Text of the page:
But I think it’s about developing an internal staff that is meeting that need for what these folks are looking for that are on travel assignments. Connection to professional development, clearly I think that’s a big piece of what they want. Developing transition to care practice plans, where they can become something different if they’re involved in that sort of thing.

Those are the things I think that folks want to take from us. They’re not working permanent jobs because they’re not interested in something deeper than that. They want to have a wide variety of choice with somebody who understands how to place me specifically, because I’m a different kind of nurse, I’m a ED nurse or an OR nurse or whatever.

Those are things that I see that are working well in the industry, that nurses that we’re working with really like plugging into.

Staffing Hub: What would you say is on the horizon for Health Carousel?

Dalton: On the horizon for Health Carousel? Wow, that’s a big question.

I am challenged every day by the leaders that I get a chance to work with, not build things for now, but to build things for their future.

We constantly push ourselves to not try to be a now-company — I need a process that will work for the group that I’m working with now. What would that look like as we grow and as the conditions continue to change, so I think there’s a couple of things. And then I think you have to have people who really understand the macro environment of “where is the government likely to take things?” Because there are things that are being affected there, from immigration through fiscal responsibility at the hospital level.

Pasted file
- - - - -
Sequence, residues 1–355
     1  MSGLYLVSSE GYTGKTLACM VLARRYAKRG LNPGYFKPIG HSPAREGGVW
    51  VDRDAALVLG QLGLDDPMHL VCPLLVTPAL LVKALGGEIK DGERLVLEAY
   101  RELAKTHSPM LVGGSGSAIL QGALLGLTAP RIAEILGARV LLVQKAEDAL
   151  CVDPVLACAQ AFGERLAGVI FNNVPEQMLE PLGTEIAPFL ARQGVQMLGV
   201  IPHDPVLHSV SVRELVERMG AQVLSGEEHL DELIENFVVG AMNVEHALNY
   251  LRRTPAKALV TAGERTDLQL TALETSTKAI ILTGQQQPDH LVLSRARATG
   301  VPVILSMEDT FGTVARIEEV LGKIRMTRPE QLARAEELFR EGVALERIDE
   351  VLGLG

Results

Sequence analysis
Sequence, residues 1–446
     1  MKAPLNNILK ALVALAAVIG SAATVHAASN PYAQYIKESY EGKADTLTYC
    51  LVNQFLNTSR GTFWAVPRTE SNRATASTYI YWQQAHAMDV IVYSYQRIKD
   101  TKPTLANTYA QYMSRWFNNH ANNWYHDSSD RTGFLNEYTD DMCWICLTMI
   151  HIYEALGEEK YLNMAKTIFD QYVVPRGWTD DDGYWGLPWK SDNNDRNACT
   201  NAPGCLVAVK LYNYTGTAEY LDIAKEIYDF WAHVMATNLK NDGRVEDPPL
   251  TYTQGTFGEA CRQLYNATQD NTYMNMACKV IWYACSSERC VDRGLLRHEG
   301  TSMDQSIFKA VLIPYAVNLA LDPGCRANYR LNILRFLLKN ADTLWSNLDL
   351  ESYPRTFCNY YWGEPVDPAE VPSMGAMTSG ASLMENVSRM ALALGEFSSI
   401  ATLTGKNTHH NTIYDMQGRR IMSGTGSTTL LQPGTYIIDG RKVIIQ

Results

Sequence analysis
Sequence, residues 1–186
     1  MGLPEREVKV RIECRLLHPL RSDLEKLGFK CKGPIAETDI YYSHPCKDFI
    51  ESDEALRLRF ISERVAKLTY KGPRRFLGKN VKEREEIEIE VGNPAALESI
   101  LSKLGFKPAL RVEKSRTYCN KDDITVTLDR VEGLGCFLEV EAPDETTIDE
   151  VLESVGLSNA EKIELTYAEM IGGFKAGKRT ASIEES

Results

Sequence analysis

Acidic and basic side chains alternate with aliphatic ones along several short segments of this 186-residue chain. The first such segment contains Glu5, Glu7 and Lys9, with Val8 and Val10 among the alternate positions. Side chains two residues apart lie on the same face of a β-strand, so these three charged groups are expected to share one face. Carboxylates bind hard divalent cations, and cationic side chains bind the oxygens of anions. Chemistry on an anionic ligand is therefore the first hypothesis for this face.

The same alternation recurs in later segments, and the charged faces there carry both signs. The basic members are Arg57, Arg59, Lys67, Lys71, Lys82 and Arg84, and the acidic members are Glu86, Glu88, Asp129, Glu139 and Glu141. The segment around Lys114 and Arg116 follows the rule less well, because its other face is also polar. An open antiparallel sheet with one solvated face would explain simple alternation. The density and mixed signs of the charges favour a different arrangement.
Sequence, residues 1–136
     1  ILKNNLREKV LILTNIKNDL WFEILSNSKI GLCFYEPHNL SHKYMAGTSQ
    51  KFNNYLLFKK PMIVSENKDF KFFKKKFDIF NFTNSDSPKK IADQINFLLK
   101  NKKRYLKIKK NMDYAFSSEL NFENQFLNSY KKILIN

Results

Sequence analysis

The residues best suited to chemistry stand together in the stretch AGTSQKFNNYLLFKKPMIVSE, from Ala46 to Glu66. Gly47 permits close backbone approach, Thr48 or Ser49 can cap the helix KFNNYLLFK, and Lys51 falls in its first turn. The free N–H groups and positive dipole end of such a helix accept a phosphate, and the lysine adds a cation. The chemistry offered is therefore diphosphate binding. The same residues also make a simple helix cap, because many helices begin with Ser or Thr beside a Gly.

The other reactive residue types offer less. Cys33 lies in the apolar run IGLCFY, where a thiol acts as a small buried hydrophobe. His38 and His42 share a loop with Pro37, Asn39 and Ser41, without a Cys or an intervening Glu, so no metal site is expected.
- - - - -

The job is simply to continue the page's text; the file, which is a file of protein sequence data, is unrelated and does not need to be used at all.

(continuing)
I think even at a little bit more of a microphase, hospitals are joining systems together. There is a lot of thought out there that the future of healthcare in the city is one super-system, not multiple systems competing within a city, that’s not enough economic force in that.

I think the companies that will succeed in the future are really understanding what the government is trending to do and what the legislation will look like. I think smart business analytics around what companies do we see partnering together, one’s buying the other out, that sorta thing from a hospital perspective will really guide where folks go for the future.

Then,  how do you get out of your own way to maximize into a workforce that needs to be agile, that needs to move fast. The biggest thing I see in that is not clinging to cultural rules and traditions. I think some of the most successful businesses out there don’t cling to those sorts of things. They never say: we’re doing it this way because it’s always done it this way. And, in fact, that might be a reason to not do it that way.

So, I really feel like the leadership that I get a chance to work with really do push us to think: “How do we do it differently tomorrow than we’re doing it today?”